Many FrieslandCampina member dairy farmers are already actively engaged in sustainability. The Executive Board of FrieslandCampina would like all its member dairy farmers to focus on sustainability and would like the performance of all members to be transparent. The Board also believes that all member dairy farmers should make a contribution to outdoor grazing. It has not yet been decided how members will put outdoor grazing and other aspects of sustainability into practice on their own farms. A round of discussions with members on the subject is planned for Monday, 17 January.
Up to and including Friday, 25 February, more than 100 workshops are open to dairy farmers at which they can actively brainstorm on how to operate sustainably or come up with practical ideas on energy saving or energy production at their own farms. Already more than 4,500 member dairy farmers, who are members of the FrieslandCampina cooperative, have signed up.
The meetings will take place at various locations throughout the cooperative’s working area in the Netherlands, Germany and Belgium. Sustainability is the theme for members in all countries, but may be dealt with differently in individual countries.
Climate neutral growth in the dairy chain
Sustainability in the entire production chain for dairy products is an important pillar in realising FrieslandCampina’s route2020 strategy. In addition to the agreements which the Dutch dairy sector made with local governments on reducing the quantity of greenhouse gases between 1990 and 2020, FrieslandCampina is aiming for climate neutral growth, both in milk production and in milk processing. The organisation intends to achieve this by working with dairy farmers and chain partners on improving energy efficiency, reducing greenhouse gas emissions and encouraging the production of renewable energy at dairy farms.
Change in approach to outdoor grazing
Other important sustainability aspects for dairy farmers are the health and welfare of their cows, care for nature, environment and landscape and outdoor grazing.
‘FrieslandCampina and dairy farmers are themselves experiencing how important outdoor grazing is for the perception and acceptance of milk as a product and of dairy farming as a sector. The Board of dairy cooperative FrieslandCampina therefore decided that outdoor grazing will become the standard for our members. And each member will have to contribute to this objective’, says Kees Wantenaar, Chairman of the Board of dairy cooperative FrieslandCampina. ‘We will now start up discussions as to how members are going to put this into practice on their farms and how differences may arise in each member’s contribution. But outdoor grazing will no longer be as optional as it was. Some 80 per cent of our members let their cows graze outdoors, but we can see that this percentage is under pressure. In order to maintain outdoor grazing at its current level, something has to change. We for our part have to make a change, but the authorities too have to make an effort as outdoor grazing is at odds with certain environmental and climate objectives.’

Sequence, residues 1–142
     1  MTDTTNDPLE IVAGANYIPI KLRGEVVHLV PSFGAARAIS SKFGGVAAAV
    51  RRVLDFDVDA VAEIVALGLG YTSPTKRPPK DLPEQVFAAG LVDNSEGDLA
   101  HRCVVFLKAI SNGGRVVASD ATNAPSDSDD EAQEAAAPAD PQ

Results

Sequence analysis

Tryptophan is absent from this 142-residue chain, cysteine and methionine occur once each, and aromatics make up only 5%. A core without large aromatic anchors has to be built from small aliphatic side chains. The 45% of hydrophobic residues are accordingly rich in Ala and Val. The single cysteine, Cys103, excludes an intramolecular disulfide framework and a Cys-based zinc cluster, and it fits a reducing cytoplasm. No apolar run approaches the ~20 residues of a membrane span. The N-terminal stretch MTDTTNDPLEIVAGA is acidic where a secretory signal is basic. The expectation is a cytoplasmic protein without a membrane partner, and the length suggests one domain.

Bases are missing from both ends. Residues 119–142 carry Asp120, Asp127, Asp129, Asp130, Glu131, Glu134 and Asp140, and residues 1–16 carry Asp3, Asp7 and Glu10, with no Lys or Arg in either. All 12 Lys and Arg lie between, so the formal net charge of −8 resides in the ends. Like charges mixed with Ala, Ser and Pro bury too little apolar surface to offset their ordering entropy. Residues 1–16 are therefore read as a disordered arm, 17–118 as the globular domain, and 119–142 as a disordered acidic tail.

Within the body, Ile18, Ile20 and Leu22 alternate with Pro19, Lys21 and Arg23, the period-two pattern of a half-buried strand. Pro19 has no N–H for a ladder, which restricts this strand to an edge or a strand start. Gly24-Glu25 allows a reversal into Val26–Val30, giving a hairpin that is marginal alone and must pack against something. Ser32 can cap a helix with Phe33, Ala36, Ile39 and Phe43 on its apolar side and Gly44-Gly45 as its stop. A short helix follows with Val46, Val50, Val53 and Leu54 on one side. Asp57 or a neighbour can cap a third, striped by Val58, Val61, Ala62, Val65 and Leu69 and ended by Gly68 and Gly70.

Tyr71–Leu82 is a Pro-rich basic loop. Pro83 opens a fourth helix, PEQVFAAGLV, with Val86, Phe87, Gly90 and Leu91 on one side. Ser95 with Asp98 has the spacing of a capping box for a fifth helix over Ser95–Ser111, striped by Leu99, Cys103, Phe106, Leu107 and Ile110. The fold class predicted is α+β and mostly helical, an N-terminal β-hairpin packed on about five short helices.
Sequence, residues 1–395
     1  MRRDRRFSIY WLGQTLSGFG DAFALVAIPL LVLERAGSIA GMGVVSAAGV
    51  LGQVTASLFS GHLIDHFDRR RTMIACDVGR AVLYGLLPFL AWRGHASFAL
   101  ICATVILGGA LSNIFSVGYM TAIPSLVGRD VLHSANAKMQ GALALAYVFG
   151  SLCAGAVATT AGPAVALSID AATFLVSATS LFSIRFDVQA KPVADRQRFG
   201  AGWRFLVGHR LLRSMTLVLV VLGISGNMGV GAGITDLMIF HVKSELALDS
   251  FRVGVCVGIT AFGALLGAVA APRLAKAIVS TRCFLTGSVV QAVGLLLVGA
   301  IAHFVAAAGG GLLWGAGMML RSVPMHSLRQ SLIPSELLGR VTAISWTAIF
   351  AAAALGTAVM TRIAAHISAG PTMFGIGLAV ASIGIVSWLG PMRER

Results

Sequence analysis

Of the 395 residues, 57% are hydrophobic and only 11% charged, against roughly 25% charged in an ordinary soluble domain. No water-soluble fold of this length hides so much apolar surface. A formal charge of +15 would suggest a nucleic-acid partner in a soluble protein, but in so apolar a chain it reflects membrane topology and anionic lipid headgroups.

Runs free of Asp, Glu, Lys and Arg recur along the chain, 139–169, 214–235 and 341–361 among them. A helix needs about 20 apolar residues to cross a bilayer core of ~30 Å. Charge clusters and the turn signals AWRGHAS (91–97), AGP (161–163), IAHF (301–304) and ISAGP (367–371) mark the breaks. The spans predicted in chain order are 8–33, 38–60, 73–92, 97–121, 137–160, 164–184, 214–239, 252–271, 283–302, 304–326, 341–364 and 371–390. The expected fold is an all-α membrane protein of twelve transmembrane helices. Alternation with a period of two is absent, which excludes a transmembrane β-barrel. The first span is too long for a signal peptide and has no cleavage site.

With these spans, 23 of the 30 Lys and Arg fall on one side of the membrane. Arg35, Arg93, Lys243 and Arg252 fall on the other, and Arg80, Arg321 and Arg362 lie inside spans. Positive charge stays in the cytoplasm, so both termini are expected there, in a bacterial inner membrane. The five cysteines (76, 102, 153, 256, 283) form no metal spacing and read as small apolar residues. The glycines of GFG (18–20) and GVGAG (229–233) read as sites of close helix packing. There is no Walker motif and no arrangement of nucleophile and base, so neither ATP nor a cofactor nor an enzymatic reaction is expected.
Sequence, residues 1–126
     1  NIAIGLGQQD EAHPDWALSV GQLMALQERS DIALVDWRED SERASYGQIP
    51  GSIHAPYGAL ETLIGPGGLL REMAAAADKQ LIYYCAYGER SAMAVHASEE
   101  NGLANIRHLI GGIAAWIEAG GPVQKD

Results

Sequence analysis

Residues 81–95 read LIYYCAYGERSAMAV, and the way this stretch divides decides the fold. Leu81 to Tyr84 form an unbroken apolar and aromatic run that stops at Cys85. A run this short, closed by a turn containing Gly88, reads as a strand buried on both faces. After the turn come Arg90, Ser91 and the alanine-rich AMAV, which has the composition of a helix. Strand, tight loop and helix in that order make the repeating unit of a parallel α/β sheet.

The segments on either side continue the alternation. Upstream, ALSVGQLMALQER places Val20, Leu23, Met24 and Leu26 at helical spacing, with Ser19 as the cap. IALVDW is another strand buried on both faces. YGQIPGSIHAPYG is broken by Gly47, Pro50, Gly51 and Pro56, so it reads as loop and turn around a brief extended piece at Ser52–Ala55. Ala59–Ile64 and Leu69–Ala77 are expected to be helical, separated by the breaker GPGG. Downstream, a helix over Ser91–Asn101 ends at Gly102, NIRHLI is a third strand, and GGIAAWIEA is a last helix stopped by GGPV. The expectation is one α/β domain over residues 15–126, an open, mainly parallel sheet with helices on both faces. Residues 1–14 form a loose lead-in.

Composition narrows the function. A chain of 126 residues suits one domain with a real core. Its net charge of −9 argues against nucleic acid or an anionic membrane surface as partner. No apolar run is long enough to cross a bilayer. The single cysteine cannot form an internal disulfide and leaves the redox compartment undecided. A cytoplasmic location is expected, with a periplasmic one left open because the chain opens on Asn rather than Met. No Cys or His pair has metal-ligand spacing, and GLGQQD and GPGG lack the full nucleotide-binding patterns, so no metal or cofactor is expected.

Making the score on sustainability aspects transparent
Many of the workshops now starting for dairy farmers are focusing on how to make transparent the aspects of sustainability for which their farms already have a good score and the recommendations and support they need to realise improvements, also from a techno-economic viewpoint. ‘Our approach is that focussing on sustainable production should go hand in hand with cost price control, which is also necessary in view of the international competition. Examples in the area of health and welfare of cows are udders and hooves. That is an important sustainability aspect and at the same time an element of the business operations a dairy farmer often has to deal with. To create effective instruments that can be practically applied in a variety of business situations, we really need our member dairy farmers’ brain power and experience; also for our activities in Germany and Belgium. Our members’ input is of great importance for the sustainability concept which we want operational by 1 January 2012’, says Atze Schaap, Director of Cooperative Affairs at FrieslandCampina. ‘Ultimately, we want to give each farm a sustainability score that reflects a number of different aspects. If a farmer attains an excellent performance on for instance energy performance and cow health, this should be clear from the score. One aspect of the round of discussions with members is how we should reward sustainability scores financially. Naturally, this is all based on our ongoing objective of realising good or even exceptional quality of the milk and the production process at farms. The sustainability concept should help farmers get a firm grip on operating sustainably.’
Prototype tested in practice
Based on all the ideas submitted by dairy farmers, to whom FrieslandCampina will be talking in January and February on the issue of sustainability, a prototype will be developed in the spring which will be tested in practice in the summer. At the end of the summer, the Board will present the detailed proposals for the first phase of the sustainability policy that is to take effect from 1 January 2012. The first phase will be discussed with the members of the cooperative in the autumn of 2011 after which the final plans will be presented.
Working hard on sustainability
Members are already working hard on sustainability. Together with chain partners, FrieslandCampina has made various facilities available to dairy farmers. For example, recommendations for outdoor grazing have been issued by the Stichting Weidegang (Outdoor Grazing Association) and energy supplier, Essent, has made an Energy Contact Point available to advise dairy farmers who are thinking about producing renewable energy.